Lisa L. JohnsonAttorney at law
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Divorce And Family Law Issues

October 2017 Archives

Prenuptial agreements can deal with more than property division

Reportedly, more and more couples nationwide are signing prenuptial agreements, including in Kentucky. However, many misconceptions exist about marriage agreements, the most common being that they are only used to protect spouses in property division situations in the events of divorces. The truth is that a prenup can deal with many matters and is typically used to set up a framework that will deal with any disputes that might arise. It may even include issues such as gambling, overspending, infidelity, substance abuse and more.

High asset divorce of Herjavec revisited after revealing letter

People in Kentucky may be aware that, since the turn of the eighteenth century, it has been said that hell hath no fury like a woman scorned. Any spouse in a high asset divorce who tries to hide his or her riches may do well to remember that phrase. The 55-year-old reality TV star, Robert Herjavec, of Shark Tank fame, who got divorced in March 2015, might be called back to court on allegations that he misrepresented his company's worth at that time.

What is considered when applying for grandparents' rights

Laws determining visitation rights for grandparents differ from state to state. In Kentucky, laws governing grandparents' rights have not been changed or revised since 1996. However, the interpretation and administration of the existing laws have been impacted by case law over the years. As a result, Kentucky is classified as "permissive" with regard to grandparents' visitation.

Child custody matters to consider when a parent relocates

Families in Kentucky relocate all the time for various reasons. However, when a divorced parent needs to move away to benefit from family support in another location, an employment opportunity or a remarriage, child custody issues can complicate such plans considerably. Invariably, parents who cannot agree on these matters will likely wind up in court.

Property division and a manipulating, business-owning spouse

When a Kentucky divorce involves one spouse who owns a business, the manner in which that person conducts business during that time becomes a matter of vital importance. It is not uncommon for spouses to manipulate finances to benefit themselves when it comes to property division. The other spouse might want to look out for tell-tale signs of such financial deceit.

Post-divorce mediation can resolve disputes arising from judgment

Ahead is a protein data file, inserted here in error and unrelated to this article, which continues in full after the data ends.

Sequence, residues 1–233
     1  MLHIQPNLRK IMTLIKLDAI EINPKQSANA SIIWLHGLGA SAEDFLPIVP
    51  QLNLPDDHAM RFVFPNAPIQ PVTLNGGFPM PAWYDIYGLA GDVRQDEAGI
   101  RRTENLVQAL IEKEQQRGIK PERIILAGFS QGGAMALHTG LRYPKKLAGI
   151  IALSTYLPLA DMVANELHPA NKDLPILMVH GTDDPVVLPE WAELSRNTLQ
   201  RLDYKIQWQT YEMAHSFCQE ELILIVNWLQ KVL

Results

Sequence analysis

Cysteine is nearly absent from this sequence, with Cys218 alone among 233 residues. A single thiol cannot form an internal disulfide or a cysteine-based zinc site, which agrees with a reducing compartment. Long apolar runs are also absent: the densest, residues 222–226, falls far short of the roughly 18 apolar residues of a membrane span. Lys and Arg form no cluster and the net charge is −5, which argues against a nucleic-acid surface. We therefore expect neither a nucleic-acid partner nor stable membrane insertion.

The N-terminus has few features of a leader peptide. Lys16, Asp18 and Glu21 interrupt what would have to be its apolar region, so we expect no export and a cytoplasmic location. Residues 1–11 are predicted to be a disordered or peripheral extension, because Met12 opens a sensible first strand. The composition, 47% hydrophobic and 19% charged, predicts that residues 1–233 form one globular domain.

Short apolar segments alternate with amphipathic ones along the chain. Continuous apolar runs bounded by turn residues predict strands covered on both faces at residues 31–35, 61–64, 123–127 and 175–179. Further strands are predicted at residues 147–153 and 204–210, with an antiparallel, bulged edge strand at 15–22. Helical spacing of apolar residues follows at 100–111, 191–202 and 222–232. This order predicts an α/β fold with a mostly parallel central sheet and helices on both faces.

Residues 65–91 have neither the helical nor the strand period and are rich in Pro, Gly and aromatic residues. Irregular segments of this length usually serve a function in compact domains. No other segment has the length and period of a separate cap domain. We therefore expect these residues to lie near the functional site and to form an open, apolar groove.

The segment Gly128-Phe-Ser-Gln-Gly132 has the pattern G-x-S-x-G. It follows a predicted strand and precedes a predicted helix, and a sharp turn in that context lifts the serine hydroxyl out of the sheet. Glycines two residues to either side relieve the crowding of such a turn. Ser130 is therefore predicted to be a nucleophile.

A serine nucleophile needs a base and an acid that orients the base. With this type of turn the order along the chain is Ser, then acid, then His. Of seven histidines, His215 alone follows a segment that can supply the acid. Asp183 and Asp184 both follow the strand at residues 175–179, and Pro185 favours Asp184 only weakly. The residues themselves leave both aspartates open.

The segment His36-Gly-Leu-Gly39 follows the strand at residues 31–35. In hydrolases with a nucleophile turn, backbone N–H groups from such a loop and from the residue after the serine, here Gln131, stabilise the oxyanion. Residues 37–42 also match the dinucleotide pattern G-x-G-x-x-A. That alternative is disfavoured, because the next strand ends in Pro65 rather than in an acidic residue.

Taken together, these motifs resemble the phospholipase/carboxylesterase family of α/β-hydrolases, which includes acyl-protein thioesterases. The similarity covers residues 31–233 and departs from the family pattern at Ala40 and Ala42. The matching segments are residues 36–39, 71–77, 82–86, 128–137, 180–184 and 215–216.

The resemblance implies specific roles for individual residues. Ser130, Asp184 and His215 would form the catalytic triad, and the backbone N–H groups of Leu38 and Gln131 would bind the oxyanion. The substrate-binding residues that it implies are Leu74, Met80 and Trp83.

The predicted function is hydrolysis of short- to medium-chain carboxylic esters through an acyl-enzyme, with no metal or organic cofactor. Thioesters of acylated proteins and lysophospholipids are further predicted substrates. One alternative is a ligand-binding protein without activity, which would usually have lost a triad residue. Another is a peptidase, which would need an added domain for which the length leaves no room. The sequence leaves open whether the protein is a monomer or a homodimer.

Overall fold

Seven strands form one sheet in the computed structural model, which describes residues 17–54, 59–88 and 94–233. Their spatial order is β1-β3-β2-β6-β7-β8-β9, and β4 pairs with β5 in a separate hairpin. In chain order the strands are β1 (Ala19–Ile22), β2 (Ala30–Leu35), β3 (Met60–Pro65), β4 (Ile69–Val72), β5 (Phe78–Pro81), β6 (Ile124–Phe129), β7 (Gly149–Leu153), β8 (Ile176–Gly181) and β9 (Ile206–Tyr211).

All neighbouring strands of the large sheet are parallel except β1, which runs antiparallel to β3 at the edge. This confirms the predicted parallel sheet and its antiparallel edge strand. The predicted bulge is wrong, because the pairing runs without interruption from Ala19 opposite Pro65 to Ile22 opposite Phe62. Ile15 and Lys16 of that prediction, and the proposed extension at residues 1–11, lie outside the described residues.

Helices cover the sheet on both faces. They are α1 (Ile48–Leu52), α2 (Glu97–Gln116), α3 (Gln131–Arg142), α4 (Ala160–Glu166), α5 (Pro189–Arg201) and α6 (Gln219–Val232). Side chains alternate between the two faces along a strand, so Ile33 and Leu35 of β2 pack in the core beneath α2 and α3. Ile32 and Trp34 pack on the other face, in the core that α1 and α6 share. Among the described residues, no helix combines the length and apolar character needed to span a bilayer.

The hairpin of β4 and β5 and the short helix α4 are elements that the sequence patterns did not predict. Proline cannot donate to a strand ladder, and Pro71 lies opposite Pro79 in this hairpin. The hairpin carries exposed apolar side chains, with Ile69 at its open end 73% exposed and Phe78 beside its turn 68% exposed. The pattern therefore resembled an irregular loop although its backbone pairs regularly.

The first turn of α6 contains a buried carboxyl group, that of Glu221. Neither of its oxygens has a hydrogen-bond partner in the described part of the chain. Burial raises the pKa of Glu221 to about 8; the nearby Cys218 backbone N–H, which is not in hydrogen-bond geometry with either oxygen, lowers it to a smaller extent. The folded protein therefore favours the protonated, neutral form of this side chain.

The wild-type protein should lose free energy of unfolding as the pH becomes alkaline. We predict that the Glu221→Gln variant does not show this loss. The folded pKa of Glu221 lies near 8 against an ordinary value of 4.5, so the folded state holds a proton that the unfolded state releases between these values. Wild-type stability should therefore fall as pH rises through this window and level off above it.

Many Kentucky couples have saved money and time by reaching settlement agreements out of court. Divorce mediation may have become the preferred option for couples who want to avoid courtrooms where one will typically be the loser. However, there is no guarantee that disputes will not arise in the years following a divorce -- particularly if there are growing children to consider.

Divorce mediation might even resolve high-conflict divorces

While divorce in Kentucky is typically a complicated process for any couple, some can be more challenging than others -- particularly if one of the spouses is a narcissist. When divorcing a high-conflict personality, all the avenues for peaceful negotiation and divorce mediation might not be easy to navigate. The word sometimes used to describe a divorce in such circumstances is toxic.

Prime ways to save money during a divorce

Even with an improving economy, it is more important than ever for divorcing parties to think critically about how they spend money in dissolving their unions. Most people already know that divorce can be expensive, especially when children are involved. So those motions you want to file to keep your ex-spouse honest could have a significant effect on your ability to maintain a decent standard of living for you and your children.

Grandparents' rights nonexistent in guardianship

Over 2.6 million grandparents nationwide, including in Kentucky, have taken on the responsibility of raising their grandchildren. A government executive said the heroin and opioid epidemic that is sweeping the country puts enormous pressure on grandparents who want to make sure their grandchildren stay out of the foster system. Sadly, compared to the foster system, grandparents' rights to subsidies for guardianship are nonexistent.